Following his comments at the 2019 Oscars, Donald Trump responded to Spike Lee over social media. Lee's BlacKkKlansman won him the award for Best Adapted Screenplay, along with co-writers Charlie Wachtel, David Rabinowitz, and Kevin Willmott. The film, which tackled the autobiography of Ron Stallworth, an African-American detective who infiltrated the Ku Klux Klan in the 1970s, was nominated for a long list of awards, including Best Actor in a Supporting Role, Directing, Original Score, Film Editing, and Picture. It lost the latter category to Green Book.
Lee's career has spanned decades, with his directorial debut going to back to 1986's She's Gotta Have It, which was adapted into a Netflix series in 2017. Much of his work, such as Oscar nominees 4 Little Girls and Do The Right Thing, have focused on historical and modern-day violence and oppression of black communities in America. BlacKkKlansman took no exception by tying terrorism events perpetrated by the Ku Klux Klan in the 1970s to the Charlottesville riots of 2017. Lee, who stated that he wished BlacKkKlansman had spent more discussing the 2017 events, elaborated on the current political climate during his acceptance speech.
The director thanked his family and collaborators, but also urged viewers to "do the right thing," regarding the upcoming 2020 election, adding: "Let's all be on the right side of history. Make the moral choice between love versus hate." Trump took to Twitter to respond:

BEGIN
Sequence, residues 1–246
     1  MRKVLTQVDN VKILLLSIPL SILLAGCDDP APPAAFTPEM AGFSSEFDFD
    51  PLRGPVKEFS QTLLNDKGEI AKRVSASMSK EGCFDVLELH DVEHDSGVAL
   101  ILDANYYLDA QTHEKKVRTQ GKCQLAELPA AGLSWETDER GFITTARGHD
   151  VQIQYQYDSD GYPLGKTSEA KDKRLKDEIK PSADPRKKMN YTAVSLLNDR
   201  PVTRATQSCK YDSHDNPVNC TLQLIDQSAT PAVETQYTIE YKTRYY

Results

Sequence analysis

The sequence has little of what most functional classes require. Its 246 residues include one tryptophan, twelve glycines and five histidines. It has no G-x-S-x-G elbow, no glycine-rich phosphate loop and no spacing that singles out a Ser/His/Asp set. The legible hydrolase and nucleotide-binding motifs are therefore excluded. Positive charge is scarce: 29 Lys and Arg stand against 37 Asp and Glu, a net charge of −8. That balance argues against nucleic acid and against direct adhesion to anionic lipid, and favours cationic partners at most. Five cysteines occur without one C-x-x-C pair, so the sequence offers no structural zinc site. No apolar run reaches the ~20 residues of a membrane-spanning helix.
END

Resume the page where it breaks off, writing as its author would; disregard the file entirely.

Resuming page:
Be nice if Spike Lee could read his notes, or better yet not have to use notes at all, when doing his racist hit on your President, who has done more for African Americans (Criminal Justice Reform, Lowest Unemployment numbers in History, Tax Cuts,etc.) than almost any other Pres!— Donald J. Trump (@realDonaldTrump) February 25, 2019
Footage of Trump was spliced throughout BlacKkKlansman footage of Charlottesville, along with present-day footage of the Klan's former leader David Duke (played by Topher Grace in the movie), the parade of white supremacists chanting, "Jews will not replace us," seen globally, and Heather Heyer, a civil rights activist who was killed during the altercations.
Trump's now infamous comments that there were "very fine people of both sides" of the incident have been widely cited as exemplary of the necessity for artists across disciplines to continue speaking out about brutality motivated by bigotry. Films since 2017 like Green Book, If Beale Street Could Talk, Sorry to Bother You, and The Hate U Give have taken some of those discussions to task. While on-screen narratives about marginalized groups subject to inequality have often led to critical acclaim and box office successes in recent years, politically volatile statements made during entertainment award shows are generally expected to yield at least some push back. Jesse Williams of Grey's Anatomy, for example, was petitioned to be fired following his public support of Black Lives Matter during the 2016 BET Awards.
Lee has been no stranger to controversy for his political outspokenness, or criticism of how he feels Hollywood has treated black creators and directors. However his work speaks for itself, and it's evident from its response that BlacKkKlansman has given audiences everywhere a lot to reflect on.
Source: Donald Trump